Hi in this video, I'm going to be talking about the history of cell biology. So before there was any kind of study of cell biology, we actually had to discover cells. And this was really limited by the fact that cells cannot be seen with the naked eye. And so instead we have to use instruments or specialized tools in order to be able to even look at them much less study them. And so these tools are called microscopes. I'm sure you're familiar with them through your biology classes, your chemistry classes that you've taken in the past. And so we use microscopes in order to magnify an object and that way we can use them to visualize and study cells. So before microscopes were invented, Humankind had to invent the lens. And so these lenses are the types that were using eyeglasses and are now today using cameras and computers. But lenses were originally invented in the 13th century. And so by the mid 1600s, advances in lens technology had increased enough so that people, especially scientists, could begin making homemade microscopes. So this is an example of what a homemade microscope would have looked like. This is just a drawing in from the 16 Hundreds. And you can see that it's first really simple. So this doesn't necessarily look anything like a microscope that you've seen in the past. But this is what they look like in the 1600s. And so this is the type of microscope that a person we're going to talk about whose name is Robert Hooke um used and he was the first person to propose the idea of sales. And so he didn't seek out to determine whether cells existed. That wasn't really what he was concerned with his question. And the reason that he was really studying this at the time was because he wanted to answer the question why are corks so good at holding air in a bottle? Now, this is a really simple question that actually led to this really incredible idea of cells and cell biology. And so what he did is he took a piece of cork, he cut it off and put it under his homemade microscope which at the time had around 30 X. Magnification, which is really small. I mean we have more than that on some fancy cameras and computers today. So 30 X. Magnification is really tiny. But what he was able to see, you can actually see down here, this is a drawing that hook did. And you can see that he saw these compartments that the cork had in them. And he named them cells based off these cells that monks lived in at the time. So what he was seeing was dead plant tissue. He was seeing cell walls. So he wasn't seeing living cells. But he gave them their name and said, okay, these compartments exist inside of these um inside of these organisms. Because cork was eventually at one point living, although it's dead now. And so what are they? And how how can we study them more. So he was really interested in proposing this idea. So then following this drawing and following his idea of cells uh Anton van Leeuwenhoek was the first to visualize live cells. And this was very crucial to the discovery of cells because now we knew that they were living and could move. And so his homemade microscope actually had the ability to magnify up to 300 X 10 times more than hooks microscope. And that's what allowed him to visualize live cells versus dead ones. And so what he did is he did what anyone would do, who has any type of curiosity or and I'm sure we've all done as kids is we just took whatever we could, whatever was around us and looked at it under his microscope. And so he took pond water, he took blood, he took sperm and he just stuck it under his microscope and said, okay, what's there? And so what he saw were live cells that made up blood that made up some of the organisms in pond water and that made up sperm. And so he was so excited and he wrote letters to the Royal Society which at the time was this big scientific organization that sort of control the scientific knowledge at the time. And he said, look what I've seen, I've seen these live cells, they're kind of amazing. And then he sent Hooke robert Hooke to confirm his observations because they were a little skeptical at the time. And so Hook came and he saw these live cells under a microscope. And he wrote back to the Royal Society saying yes, this is what happened. And so right here, you can see there's just a drawing, um evolution, hoax blood cells of what he saw, what he saw blood. So let's now move on to the next concept.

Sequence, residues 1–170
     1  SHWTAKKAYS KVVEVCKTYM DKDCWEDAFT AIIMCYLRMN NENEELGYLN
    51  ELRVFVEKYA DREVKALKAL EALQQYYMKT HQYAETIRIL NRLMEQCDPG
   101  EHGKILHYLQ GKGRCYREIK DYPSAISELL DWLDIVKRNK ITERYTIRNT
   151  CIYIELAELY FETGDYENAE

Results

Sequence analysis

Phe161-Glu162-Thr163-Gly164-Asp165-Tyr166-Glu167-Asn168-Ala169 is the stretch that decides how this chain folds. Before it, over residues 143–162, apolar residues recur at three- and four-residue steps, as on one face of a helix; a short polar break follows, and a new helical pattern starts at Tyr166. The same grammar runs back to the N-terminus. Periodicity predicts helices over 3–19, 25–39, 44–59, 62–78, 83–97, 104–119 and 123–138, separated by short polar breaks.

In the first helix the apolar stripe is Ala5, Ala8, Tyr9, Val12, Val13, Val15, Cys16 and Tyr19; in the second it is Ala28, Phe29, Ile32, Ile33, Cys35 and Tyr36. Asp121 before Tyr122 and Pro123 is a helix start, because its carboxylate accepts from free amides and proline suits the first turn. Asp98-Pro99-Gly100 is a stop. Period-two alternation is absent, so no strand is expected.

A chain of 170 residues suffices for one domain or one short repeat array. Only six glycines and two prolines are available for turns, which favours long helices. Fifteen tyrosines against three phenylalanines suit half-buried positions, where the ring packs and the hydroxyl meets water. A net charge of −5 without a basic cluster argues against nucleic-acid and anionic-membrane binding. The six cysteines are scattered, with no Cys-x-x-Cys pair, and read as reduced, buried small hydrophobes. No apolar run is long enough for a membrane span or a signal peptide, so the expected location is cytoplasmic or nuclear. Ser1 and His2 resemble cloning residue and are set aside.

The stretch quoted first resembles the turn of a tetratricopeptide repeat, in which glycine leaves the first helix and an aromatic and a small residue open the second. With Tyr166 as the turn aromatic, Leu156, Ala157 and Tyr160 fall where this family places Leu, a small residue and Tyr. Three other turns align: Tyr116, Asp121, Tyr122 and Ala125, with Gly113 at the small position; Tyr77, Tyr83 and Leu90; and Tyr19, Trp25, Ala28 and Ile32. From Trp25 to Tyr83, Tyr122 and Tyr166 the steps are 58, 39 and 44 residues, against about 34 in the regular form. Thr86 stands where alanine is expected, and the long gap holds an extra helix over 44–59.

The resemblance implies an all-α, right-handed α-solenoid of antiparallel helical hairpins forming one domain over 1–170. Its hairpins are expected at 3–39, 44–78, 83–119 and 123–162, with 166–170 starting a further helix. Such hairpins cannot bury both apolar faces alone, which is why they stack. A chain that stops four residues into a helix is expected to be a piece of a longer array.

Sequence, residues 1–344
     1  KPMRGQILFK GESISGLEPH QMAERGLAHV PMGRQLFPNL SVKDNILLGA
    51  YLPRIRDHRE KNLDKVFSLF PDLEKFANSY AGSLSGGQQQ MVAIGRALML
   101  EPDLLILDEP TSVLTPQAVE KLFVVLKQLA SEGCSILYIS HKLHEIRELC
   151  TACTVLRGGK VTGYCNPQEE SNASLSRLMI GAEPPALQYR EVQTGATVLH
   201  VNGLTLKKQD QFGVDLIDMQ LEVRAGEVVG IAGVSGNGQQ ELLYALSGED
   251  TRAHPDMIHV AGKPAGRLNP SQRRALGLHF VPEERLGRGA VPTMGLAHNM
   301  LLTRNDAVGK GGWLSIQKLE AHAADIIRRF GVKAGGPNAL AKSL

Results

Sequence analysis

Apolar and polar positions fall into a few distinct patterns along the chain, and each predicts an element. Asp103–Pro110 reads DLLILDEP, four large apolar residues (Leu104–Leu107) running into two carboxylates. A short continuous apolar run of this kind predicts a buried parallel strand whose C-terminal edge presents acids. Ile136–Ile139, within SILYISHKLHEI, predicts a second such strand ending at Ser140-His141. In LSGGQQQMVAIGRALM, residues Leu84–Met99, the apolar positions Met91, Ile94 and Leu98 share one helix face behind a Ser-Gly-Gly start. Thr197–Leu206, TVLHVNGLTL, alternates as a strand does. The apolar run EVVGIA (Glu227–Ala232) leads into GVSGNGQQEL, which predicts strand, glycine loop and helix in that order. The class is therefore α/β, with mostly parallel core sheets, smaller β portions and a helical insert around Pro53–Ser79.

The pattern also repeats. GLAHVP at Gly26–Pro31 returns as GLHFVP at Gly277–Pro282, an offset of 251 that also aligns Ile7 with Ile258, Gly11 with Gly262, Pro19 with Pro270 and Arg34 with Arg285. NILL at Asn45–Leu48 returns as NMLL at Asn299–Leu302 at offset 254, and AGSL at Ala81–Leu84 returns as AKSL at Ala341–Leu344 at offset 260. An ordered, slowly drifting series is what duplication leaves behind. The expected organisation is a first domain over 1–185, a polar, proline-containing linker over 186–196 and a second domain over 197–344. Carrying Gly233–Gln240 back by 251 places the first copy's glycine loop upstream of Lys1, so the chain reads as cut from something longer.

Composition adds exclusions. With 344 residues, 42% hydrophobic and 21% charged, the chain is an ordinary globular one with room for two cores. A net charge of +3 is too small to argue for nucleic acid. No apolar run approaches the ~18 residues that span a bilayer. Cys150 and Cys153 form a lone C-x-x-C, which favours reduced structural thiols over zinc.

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So from the 1600s, when the cells were first discovered, scientists at the time began studying them and said, Okay, well what are the commonalities between all cells on earth? And eventually in the 1800s, they came up with what is now known as the cell theory. And these are basic, just three tenants that are common between all cells on earth. And so the reason that they were able to do this first place is because of advances in microscope technology. So the invention of the compound microscope, which is going to be much more familiar to you. So here's an example down here. You can see that this looks more similar than what uh to what we use today compared to the original image I showed a little while ago. And the reason compound microscopes allowed us to come up with the cell theory is because they had greater magnification so they could zoom in more and they had greater resolution, which is just a fancy term, that means clarity. Now, with a compound microscope, a few scientists were able to really propose the basics of the cell theory. So the first one is um Matias sh Leiden german isn't that great, but bear with me and he discovered that plants, We're made of cells and were derived from a single cell. And he did this in the 1830s. And so around the same time as scientists that he was really good friends with Theodor Schwann discovered that animals we're made of cells. And so they came together and they said, well if plants are made of cells and animals are made of cells, then all organisms are composed of one or more cells. And that makes it the first tenant of the cell theory. And then deriving from that, they said, okay, well the cell therefore is the structural unit of life. So anything is living, the very basic of what it consists of. It consists of cells, anything smaller than a cell is not living. And so they were like, yeah, we discovered the cell theory. So then Richard virtual added to this after 20 more years of research in the 1850s, that cells can arise only by division from pre existing cells is here. So these make up the three tenants of the cell theory. So with that, let's now move on to our next